For Julie Raskin, the key to the elimination of food waste is to make it fun. Raskin and the Sanitation Foundation team are set to accomplish that goal with this year’s Food Waste Fair.
More than 1.3 million tons of food waste are thrown out every year by NYC residents and businesses, according to the Sanitation Foundation. This accounts for about a third of NYC garbage. In 2017, the first NYC Food Waste Fair was conceived to support businesses in trying to make the transition to tackling food waste.
With then Commissioner Kathryn Garcia at the helm, New York City through the Department of Sanitation, implemented a law that required food businesses of a certain size to start composting their food waste or finding some other beneficial reuse for it. “When that law was imposed, the Foundation saw the opportunity to accelerate compliance by supporting for those businesses with resources,” Raskin explained.
The event is held every other year. In 2019, the NYC Food Waste Fair coincided with the New York State Food Recovery and Recycling Act, which highlighted the importance of food waste reduction through donations. With the 2021 NYC Food Waste Fair on the horizon – slated to take place the week of June 14 – it’s no surprise that an integral theme for this year’s event will be tackling the challenges the pandemic has created with waste collection and diversion.
As with so many aspects of everyday life disrupted by the pandemic, flaws and vulnerabilities throughout the food systems were magnified in 2020 as New Yorkers had to adjust the way they purchase, eat and dispose of food. “It’s more important than ever that we amplify the voices of the people doing right by our city and our environment, provide resources and information to our residents, and lead the world by example,” Raskin continued.
The NYC Food Waste Fair is a resource fair where restaurant managers, grocery store owners, or food managers can go and find all of their options for eliminating food waste. Panels and workshops will be mostly virtual and, for the first time, will include NYC residents in the conversation.
“The shift in services available from the City during the pandemic created the need for additional programming for residents,” Raskin added. Until last May, the Department of Sanitation was collecting food waste as part of the Curbside Composting brown bin program and through a network of 175 food scrap drop off sites. Residential collection of food scraps was one of the first programs to get suspended during 2020 budget cuts, though Mayor Bill de Blasio announced that it will be restored beginning this fall.
“Now, we have all these residents and businesses who we’ve for years been training and proselytizing, getting them on board with composting, and the programs they had learned to rely on were suddenly not available,” Raskin continued. “We felt that it was really important this year to have programming and resources made available to motivate and inspire residents the same way they had been previously for businesses.”
Topics on the plate for the 2021 Food Waste Fair include feeding more people, eating conscientiously, preventing climate change, saving and making money and being New York’s Strongest (which is the nickname for NYC Sanitation Workers, but also a nod to the City’s recovery). Coupled with this week-long event is the launch of a new Food Waste Toolkit, meant as an alternative to the in-person expo of previous years.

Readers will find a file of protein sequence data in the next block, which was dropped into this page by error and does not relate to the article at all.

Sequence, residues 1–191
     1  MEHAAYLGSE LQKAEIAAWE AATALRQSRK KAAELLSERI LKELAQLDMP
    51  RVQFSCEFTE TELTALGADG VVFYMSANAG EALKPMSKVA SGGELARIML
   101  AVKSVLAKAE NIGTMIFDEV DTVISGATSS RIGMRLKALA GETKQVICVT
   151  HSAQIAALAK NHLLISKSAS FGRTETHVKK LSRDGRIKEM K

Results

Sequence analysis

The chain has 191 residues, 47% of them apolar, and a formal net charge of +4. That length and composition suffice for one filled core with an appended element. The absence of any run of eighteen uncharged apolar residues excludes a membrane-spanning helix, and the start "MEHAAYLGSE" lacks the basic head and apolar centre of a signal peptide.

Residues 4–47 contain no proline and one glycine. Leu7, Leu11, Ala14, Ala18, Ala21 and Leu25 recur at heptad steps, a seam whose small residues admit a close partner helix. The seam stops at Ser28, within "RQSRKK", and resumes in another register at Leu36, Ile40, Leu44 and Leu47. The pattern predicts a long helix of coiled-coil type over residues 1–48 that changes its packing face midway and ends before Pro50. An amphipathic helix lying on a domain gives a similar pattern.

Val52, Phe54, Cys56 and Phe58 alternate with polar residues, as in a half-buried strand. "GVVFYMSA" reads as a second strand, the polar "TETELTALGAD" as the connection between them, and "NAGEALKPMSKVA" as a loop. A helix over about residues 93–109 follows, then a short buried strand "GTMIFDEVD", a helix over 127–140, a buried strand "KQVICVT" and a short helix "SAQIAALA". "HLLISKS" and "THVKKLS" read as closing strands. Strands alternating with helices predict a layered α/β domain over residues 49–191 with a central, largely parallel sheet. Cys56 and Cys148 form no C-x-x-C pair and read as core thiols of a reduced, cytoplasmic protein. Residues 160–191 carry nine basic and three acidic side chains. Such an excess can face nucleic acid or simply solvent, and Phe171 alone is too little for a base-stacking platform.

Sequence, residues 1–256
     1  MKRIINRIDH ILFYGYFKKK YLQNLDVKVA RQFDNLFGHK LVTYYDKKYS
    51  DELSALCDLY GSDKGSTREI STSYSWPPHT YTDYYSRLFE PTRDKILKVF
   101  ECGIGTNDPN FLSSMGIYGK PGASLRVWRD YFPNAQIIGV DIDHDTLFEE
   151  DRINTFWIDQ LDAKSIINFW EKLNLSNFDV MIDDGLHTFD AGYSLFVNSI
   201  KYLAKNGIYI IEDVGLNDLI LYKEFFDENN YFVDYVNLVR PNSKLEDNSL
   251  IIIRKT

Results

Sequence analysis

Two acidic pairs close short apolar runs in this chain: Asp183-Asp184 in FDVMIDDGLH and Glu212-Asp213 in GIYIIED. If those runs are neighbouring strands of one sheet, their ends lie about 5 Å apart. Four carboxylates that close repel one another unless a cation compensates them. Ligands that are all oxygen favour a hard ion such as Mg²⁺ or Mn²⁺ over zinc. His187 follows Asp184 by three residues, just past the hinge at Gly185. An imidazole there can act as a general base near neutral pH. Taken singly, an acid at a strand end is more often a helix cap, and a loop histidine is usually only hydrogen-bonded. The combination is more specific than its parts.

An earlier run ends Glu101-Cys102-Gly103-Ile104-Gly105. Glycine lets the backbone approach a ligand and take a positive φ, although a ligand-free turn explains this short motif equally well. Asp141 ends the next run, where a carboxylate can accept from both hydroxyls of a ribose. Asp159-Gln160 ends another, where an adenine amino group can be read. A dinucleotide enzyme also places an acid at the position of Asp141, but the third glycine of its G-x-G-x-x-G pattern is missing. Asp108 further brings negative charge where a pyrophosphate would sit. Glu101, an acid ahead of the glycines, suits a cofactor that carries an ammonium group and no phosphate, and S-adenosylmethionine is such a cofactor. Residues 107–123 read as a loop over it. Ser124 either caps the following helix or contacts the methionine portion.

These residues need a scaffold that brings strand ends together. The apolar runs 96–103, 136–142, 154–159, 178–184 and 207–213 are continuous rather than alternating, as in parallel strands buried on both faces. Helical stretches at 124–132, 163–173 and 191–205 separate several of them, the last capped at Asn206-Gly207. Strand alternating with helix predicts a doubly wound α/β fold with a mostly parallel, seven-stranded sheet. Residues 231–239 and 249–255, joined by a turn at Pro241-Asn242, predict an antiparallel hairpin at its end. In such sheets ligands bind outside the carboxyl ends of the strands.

“We’re taking the expo and putting it online into a comprehensive interactive toolkit that will live on for the rest of the year, at least,” the Sanitation Foundation Executive Director continued. “It won’t be this kind of one-day thing that you can only go to if you’re in the New York area, but something where you can log on, identify as a resident or a business owner and then get walked through the steps. We’re mirroring the EPA’s Food Waste Hierarchy, in terms of the best thing you can do is prevent waste.”
The Food Waste Toolkit bridges resources and organizations to assist restaurant owners with tasks such as inventory management and food reuse and recovery. Residents can learn how to prevent food waste at home.
“That’s where we get to bring in our partners like the DSNY program donateNYC, who is sort of a matchmaker between restaurants that have excess food and nonprofits serving their community,” Raskin noted. Not only will users of the toolkit get an accessible instructional manual, but they also will receive access to a database of Sanitation Foundation-approved vendors.
“I think step one was awareness raising, which I think we’ve done a pretty good job over the years, of making it clear that not only are you wasting precious resources, but also there are greenhouse gas emissions associated with food decomposing in a landfill, implications for climate change, etc.” Raskin concluded. “Years one and two of this event, we were really kind of hammering in that message. And now we’ve got people riled up – both business owners and residents – looking for what they can do.”
The 2019 Fair highlighted the creativity of several New York City restaurants. This included the Rhodora Wine Bar on Adelphi Street in which operator Henry Rich committed to avoiding plastics and waste by creating a menu of delectable bar food that eliminated the creation of trash.
The Sanitation Foundation is the nonprofit arm of the New York City Department of Sanitation (DSNY). Its mission is to facilitate public-private partnerships and partnerships between the DSNY and artists, entrepreneurs, residents, corporations, that all have a shared interest in making NYC a more sustainable place to live.